World of Labour


The Lillooah Railway Strike

Source: The Labour Monthly, Vol. 10, September 1928, No. 9, pp. 572-575, (1,528 words)
Transcriptionp: Ted Crawford
HTML Markup: Brian Reid
Public Domain: Marxists Internet Archive (2009). You may freely copy, distribute, display and perform this work; as well as make derivative and commercial works. Please credit “Marxists Internet Archive” as your source.

For five months the workers of Lillooah carried on a bitter struggle against their employers, the railway authorities and one or two private firms of engineers. The dispute had its origin with the refusal of the Agent of the State-owned railways to discuss the following demands put forward by the workers at Lillooah early in January, 1928:—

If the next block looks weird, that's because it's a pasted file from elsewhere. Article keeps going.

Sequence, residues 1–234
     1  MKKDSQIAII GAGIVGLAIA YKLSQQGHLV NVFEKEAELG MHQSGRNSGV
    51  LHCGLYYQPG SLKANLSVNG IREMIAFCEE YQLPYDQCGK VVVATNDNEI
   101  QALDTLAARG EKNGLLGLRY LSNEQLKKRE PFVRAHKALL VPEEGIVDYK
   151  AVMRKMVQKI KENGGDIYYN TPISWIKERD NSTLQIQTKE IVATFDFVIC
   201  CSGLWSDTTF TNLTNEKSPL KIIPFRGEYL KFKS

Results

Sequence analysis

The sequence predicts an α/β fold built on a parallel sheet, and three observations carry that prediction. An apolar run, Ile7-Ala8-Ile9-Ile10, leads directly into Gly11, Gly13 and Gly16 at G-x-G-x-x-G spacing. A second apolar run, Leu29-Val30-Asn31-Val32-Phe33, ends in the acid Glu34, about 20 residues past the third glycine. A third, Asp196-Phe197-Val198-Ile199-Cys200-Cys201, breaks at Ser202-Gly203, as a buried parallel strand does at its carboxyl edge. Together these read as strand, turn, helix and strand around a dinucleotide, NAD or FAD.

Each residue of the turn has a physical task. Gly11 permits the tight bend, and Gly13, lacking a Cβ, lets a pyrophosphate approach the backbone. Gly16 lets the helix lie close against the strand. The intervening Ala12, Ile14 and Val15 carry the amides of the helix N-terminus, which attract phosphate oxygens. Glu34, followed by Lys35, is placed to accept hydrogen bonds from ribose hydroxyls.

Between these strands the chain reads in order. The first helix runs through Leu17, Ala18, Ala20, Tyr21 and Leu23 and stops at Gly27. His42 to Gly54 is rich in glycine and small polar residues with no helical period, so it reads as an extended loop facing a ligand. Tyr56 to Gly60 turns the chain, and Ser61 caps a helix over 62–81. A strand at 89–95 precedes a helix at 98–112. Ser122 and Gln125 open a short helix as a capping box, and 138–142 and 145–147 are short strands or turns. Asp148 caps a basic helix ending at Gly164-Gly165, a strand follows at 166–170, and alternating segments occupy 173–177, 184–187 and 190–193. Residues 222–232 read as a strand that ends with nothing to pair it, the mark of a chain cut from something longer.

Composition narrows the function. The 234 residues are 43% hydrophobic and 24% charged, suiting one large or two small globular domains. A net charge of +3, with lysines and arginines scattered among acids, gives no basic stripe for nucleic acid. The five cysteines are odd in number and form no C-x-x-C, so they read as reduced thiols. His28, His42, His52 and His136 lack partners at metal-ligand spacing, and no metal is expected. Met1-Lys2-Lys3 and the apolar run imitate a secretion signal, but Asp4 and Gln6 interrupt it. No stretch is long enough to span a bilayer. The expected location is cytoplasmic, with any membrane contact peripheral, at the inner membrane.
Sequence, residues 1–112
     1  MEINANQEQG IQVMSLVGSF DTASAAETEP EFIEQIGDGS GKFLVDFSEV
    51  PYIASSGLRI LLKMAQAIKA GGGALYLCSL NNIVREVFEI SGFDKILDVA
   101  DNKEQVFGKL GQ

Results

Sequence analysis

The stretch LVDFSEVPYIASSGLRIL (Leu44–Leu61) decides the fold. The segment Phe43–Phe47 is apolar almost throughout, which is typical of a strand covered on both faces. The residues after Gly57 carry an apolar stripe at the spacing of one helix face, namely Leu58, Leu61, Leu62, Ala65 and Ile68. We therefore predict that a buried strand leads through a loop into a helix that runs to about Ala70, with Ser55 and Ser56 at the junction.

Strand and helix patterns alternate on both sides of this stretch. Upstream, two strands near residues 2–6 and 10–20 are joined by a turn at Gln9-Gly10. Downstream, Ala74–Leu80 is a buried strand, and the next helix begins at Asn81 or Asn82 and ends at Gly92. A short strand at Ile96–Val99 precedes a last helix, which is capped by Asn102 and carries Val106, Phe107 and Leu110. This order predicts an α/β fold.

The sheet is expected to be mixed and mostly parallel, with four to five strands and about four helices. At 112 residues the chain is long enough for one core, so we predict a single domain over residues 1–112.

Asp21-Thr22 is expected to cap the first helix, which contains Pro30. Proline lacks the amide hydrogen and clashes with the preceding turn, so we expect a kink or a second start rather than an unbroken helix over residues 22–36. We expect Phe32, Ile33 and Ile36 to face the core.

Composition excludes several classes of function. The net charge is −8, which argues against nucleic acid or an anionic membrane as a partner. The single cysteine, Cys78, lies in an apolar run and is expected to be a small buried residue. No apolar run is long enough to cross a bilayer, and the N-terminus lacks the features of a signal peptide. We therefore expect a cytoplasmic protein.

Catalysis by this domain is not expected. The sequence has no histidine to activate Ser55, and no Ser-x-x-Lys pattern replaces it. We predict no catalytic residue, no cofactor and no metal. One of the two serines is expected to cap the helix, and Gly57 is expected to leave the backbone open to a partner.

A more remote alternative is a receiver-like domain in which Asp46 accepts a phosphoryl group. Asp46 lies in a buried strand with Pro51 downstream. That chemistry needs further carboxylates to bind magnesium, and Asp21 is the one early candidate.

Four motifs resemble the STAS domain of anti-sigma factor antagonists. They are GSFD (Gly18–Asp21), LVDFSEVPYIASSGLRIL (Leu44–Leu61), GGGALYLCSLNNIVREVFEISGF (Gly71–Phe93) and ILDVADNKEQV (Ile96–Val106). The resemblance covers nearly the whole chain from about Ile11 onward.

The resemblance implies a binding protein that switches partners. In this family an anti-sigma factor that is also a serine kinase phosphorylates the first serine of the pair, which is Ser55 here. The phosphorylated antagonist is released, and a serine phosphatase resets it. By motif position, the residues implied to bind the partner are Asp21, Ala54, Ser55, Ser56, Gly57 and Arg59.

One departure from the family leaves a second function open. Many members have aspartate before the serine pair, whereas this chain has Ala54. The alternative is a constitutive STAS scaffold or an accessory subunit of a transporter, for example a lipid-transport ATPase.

(1) Recognition of the Union by the Agent.
(2) All-round increases of 2.5 per cent. in wages, with a minimum wage equal to the prevailing rates paid at Lucknow and Lahore workshops, of Rs.30 per month (the rate paid was as low as Rs.9 to Rs.15 for unskilled workers).
(3) Free quarters or allowances, &c.

Promises were made by the Agent to investigate the grievances, but no reply was received for over six weeks.

On February 10 two workers were dismissed on flimsy charges. The workers sent in a petition to the Agent, demanding their reinstatement, which was refused. On March 3 four more were discharged, and again demands for reinstatement of the six and the fulfilment of the original demands were made. The Agent reinstated four and agreed to recognise the Union, but refused the other demands.

By now the workers were exasperated by the trickery of the Agent, and resorted to a stay-in strike on March 7, in which about 700 took part. In retaliation the Agent ordered a general lock-out, to apply to the whole centre, and 14,000 workers were immediately involved.